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The latest claims relate to the period around 2017 when Ms Patel was sacked by Theresa May as international development secretary over unauthorised contacts with the Israeli government.

Following her dismissal, a senior figure in DfID was said to have approached staff in her private offices about allegations that they had heard of bullying.

The senior figure was said to have been told of multiple claims of staff being humiliated and coming under heavy pressure in emails – similar to the allegations made about Ms Patel's conduct at the Home Office.

The senior figure then went to see another senior figure in DfID and urged them to contact the then cabinet secretary – the late Sir Jeremy Heyward – so that her conduct recorded was "in the system" if she ever returned to government.

Although the person making the claims has not been named, they were said to be prepared to give evidence to the Cabinet Office inquiry currently under way into allegations she broke the ministerial code.

The individual concerned was also said to be ready to give evidence in support of Sir Philip – who is claiming constructive dismissal – if his case goes to an industrial tribunal.

A Tory source, quoted by Newsnight, hit back, saying: "What we are seeing is a concerted effort by certain sections of the Civil Service to undermine a Home Secretary trying to deliver what people want on crime and immigration.

"It is deeply disturbing that dark forces are trying to influence the findings of a Cabinet Office inquiry.

On Tuesday, Ms Patel expressed her "regret" at the decision of Sir Philip to quit and urged staff in the Home Office to come together as "one team".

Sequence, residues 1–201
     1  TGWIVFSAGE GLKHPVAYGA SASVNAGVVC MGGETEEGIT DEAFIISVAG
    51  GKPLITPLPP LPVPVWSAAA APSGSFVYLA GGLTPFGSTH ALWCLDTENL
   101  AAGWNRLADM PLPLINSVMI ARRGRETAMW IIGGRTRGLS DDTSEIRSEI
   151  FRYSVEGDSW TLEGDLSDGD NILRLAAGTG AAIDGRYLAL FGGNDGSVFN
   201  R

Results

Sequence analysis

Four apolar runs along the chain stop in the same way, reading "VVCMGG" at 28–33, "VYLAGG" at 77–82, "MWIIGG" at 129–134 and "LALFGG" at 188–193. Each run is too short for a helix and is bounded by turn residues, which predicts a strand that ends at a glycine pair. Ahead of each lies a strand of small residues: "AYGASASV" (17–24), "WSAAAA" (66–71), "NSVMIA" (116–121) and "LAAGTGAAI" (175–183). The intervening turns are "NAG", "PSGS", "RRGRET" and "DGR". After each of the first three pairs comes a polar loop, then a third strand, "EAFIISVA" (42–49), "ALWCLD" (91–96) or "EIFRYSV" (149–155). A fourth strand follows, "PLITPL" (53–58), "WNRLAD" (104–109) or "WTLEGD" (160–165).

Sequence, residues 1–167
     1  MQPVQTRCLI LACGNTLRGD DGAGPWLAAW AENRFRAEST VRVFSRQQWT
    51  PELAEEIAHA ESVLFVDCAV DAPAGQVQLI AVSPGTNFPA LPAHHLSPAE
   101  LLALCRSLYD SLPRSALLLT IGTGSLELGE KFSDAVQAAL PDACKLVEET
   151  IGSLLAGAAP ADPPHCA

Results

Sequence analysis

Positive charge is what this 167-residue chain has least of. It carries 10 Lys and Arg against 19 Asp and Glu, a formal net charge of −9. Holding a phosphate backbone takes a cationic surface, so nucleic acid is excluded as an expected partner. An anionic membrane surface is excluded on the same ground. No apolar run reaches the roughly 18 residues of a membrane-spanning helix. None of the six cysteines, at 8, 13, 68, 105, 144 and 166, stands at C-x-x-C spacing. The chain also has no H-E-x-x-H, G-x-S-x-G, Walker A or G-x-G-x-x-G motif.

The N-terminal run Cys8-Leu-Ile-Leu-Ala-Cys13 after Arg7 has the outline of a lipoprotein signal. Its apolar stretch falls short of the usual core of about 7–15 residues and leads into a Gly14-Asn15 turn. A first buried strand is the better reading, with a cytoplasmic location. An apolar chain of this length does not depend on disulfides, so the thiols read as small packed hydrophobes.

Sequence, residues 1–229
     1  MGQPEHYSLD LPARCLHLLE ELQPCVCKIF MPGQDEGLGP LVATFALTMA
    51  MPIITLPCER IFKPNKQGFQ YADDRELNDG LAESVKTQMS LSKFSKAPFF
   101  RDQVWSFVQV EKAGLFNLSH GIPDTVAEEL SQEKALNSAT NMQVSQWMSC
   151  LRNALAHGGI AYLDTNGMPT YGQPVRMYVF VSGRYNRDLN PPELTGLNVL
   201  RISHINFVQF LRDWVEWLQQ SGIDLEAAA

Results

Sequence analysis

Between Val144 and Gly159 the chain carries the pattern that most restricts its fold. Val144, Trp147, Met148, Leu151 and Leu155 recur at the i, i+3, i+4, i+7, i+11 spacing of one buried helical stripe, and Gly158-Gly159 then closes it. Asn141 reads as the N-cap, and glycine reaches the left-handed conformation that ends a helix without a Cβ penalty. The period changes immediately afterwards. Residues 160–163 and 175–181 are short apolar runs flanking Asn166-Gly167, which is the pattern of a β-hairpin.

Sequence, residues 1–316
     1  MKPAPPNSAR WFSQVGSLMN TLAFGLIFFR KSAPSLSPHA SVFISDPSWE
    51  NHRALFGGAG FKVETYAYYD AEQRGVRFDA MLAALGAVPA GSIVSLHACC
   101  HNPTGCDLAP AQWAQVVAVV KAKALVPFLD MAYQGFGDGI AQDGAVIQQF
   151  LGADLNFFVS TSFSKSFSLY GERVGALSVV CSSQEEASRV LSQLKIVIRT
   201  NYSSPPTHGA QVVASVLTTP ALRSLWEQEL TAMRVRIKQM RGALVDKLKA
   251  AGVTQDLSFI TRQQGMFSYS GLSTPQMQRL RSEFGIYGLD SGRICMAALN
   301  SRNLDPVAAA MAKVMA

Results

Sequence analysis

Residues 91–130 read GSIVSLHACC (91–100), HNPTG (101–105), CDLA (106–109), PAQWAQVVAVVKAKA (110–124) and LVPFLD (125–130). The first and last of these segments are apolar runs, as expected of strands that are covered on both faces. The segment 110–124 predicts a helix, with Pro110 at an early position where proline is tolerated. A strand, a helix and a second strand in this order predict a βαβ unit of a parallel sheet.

In a joint email to staff written with Sir Philip's interim successor Shona Dunn, she insisted they cared about the wellbeing of all employees.

They expressed their gratitude to the staff for their continuing hard work and "commitment to deliver the Government's priorities".

"We both deeply value the work that every person in this department does and care about the well-being of all our staff. It is therefore a time for us all to come together as one team," they wrote.

"We also recognise the importance of candour, confidentiality and courtesy in building trust and confidence between ministers and civil servants.

"Both of us are fully committed to making sure the professionalism you would expect to support this is upheld."

Boris Johnson has expressed his full confidence in Ms Patel, who he promoted to one of the great offices of state after she had previously been sacked from the Cabinet by Theresa May.

However, some Tory MPs have questioned how much longer she can carry on in the job, while Labour has complained the inquiry into her conduct – to be carried out by the Cabinet Office – is not fully independent.